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MyPillow, the pillow and bedding company started by CEO Mike Lindell, is auctioning off more than 700 pieces of company equipment, ranging from forklifts to office desks and cubicles.
Shakopee, a Minnesota-based auctioneer is slated to start closing the bidding on July 18.
Some of the items include several L-shaped desks, with current bids set at $5, as well as bulletin boards, stacking chairs, office chairs as well as heavy-duty equipment such as pallet wrappers and industrial sewing machines.
Lindell, a vocal supporter of former President Donald Trump, told the Minneapolis Star Tribune that the auction comes after MyPillow lost $100 million in revenue due to big retailers halting sales of the company’s products. He blamed the move by customers to pull back on “cancel culture.”
According to CBS News, Lindell criticized retailers including Walmart for halting sales of its products.
Walmart’s online site doesn’t show listings for MyPillow products, and the retailing giant last year said it had stopped selling the items in its brick-and-mortar locations.
“It was a massive, massive cancellation,” Lindell alleged to the Star Tribune. “We lost $100 million from attacks by the box stores, the shopping networks, the shopping channels, all of them did cancel culture on us.”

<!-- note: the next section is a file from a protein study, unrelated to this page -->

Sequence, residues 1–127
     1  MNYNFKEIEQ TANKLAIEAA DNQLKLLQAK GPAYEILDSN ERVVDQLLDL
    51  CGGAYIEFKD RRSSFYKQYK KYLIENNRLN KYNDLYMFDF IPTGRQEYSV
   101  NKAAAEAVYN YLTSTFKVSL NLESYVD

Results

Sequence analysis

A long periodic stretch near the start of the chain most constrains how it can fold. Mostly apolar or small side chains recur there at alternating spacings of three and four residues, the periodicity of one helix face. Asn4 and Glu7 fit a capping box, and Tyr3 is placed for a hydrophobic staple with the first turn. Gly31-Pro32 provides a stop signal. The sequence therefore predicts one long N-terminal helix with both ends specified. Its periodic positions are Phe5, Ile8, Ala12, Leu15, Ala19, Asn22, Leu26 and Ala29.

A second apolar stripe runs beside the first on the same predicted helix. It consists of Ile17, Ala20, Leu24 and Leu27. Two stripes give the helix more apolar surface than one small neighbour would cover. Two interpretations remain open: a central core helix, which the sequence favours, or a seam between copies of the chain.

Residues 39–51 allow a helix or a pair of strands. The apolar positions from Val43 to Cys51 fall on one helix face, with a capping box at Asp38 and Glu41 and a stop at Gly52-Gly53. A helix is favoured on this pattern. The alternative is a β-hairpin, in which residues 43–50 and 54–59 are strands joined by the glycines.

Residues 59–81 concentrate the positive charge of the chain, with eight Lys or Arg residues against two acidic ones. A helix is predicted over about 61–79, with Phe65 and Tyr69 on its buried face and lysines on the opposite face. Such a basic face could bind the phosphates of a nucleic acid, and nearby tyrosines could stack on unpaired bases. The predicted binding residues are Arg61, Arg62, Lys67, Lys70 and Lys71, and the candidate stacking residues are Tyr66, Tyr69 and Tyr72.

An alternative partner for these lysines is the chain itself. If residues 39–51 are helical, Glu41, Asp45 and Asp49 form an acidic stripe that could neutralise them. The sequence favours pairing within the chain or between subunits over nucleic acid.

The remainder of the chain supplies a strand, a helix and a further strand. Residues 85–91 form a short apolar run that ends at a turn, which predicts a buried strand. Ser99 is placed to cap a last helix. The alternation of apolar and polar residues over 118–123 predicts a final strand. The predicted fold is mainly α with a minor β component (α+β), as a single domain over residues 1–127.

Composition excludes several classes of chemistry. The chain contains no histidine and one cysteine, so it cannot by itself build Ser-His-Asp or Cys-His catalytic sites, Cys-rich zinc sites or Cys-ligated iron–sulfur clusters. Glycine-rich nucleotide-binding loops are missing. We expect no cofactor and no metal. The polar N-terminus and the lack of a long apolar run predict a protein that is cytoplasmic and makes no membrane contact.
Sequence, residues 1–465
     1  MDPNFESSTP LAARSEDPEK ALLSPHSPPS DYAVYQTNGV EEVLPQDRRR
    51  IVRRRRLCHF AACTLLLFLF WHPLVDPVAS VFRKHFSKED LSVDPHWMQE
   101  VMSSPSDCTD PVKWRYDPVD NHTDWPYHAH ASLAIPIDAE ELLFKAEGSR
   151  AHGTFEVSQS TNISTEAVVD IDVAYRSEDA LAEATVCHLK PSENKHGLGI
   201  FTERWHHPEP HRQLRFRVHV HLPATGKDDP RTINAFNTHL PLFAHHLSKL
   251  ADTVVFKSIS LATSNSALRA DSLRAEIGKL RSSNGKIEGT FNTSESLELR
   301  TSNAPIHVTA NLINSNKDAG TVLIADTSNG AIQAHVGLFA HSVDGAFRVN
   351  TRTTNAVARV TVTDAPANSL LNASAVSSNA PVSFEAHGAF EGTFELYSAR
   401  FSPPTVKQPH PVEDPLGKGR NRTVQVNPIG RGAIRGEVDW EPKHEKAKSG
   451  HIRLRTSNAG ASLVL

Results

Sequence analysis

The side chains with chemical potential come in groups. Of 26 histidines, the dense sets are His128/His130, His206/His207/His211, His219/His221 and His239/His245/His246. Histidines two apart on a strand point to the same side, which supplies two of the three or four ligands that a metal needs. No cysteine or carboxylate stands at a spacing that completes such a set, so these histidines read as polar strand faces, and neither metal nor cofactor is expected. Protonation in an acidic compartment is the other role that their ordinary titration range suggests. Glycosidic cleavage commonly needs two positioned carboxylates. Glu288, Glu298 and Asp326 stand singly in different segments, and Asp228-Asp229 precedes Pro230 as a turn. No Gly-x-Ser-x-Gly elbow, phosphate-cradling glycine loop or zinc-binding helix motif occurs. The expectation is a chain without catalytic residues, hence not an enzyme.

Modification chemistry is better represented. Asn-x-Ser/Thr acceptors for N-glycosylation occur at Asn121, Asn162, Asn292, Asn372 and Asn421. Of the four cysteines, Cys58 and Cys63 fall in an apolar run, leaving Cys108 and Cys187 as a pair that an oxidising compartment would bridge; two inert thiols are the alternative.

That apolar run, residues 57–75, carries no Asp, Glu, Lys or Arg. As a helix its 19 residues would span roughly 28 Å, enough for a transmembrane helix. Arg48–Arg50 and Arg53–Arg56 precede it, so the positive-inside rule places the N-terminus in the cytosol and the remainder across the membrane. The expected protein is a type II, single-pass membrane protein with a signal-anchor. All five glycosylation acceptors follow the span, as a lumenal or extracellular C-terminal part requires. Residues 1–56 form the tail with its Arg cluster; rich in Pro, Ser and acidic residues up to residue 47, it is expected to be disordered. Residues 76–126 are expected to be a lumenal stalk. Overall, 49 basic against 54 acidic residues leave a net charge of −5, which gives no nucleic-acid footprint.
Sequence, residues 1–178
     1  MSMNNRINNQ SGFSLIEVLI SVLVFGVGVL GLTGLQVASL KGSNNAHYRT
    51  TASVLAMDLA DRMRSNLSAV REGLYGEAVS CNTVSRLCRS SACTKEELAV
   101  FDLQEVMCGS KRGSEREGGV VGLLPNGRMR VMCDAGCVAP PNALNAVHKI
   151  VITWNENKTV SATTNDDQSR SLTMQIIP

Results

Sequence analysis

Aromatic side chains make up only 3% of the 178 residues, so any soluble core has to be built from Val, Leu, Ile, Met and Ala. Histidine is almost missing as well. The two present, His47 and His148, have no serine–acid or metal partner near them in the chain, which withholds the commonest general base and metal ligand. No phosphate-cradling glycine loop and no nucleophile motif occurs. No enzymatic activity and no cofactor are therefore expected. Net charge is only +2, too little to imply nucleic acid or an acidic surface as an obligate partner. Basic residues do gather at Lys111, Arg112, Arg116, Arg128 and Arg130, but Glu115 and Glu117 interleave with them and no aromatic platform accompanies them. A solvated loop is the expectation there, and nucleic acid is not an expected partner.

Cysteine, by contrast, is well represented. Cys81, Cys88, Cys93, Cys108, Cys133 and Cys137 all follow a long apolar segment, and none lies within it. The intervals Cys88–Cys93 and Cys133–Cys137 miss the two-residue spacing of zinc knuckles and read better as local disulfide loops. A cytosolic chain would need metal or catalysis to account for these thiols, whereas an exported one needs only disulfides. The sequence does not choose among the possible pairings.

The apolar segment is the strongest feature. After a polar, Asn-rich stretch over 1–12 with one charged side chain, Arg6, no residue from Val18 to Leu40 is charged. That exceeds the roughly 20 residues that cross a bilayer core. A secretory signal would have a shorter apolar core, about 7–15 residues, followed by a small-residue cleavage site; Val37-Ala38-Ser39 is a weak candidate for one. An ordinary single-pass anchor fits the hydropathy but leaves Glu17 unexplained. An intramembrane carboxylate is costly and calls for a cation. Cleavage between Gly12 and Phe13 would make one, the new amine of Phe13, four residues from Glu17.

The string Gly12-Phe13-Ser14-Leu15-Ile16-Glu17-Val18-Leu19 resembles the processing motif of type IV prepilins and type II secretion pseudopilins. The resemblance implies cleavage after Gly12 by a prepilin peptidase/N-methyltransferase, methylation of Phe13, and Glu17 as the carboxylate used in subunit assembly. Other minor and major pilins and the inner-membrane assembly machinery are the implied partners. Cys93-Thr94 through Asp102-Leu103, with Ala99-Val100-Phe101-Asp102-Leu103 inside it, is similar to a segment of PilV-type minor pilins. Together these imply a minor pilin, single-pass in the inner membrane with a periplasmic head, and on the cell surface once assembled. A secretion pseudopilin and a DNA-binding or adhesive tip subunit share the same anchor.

Lindell said the company is now consolidating its operations. He didn’t respond to a request for comment from CBS MoneyWatch.
Other retailers had also suspended sales of MyPillow products, with Lindell in 2021 noting that Bed Bath & Beyond, Kohl’s, H-E-B and Wayfair had dropped his products.
That followed the January 6, 2021, attack on the U.S. Capitol, when Trump supporters violently broke into the Capitol Building. Many of the rioters championed conspiracy theories that the presidential election was stolen, although none of those claims hold up under scrutiny.
But Lindell has continued to peddle such election theories, telling CBS MoneyWatch earlier this year that President Joe Biden “didn’t win the election, that’s a fact.”
Those debunked theories have caused problems for Lindell in other ways.
He had offered to pay $5 million to anyone who could prove a store of computer data he had acquired wasn’t, in fact, 2020 election data. But after a computer expert quickly proved the data was bogus, Lindell refused to pay, leading to an arbitration panel ordering him to pay up the $5 million, according to CBS News.
Lindell also faces a $1.3 billion lawsuit filed by Dominion Voting Systems, which alleges that the MyPillow chief falsely accused the company of rigging the 2020 presidential election.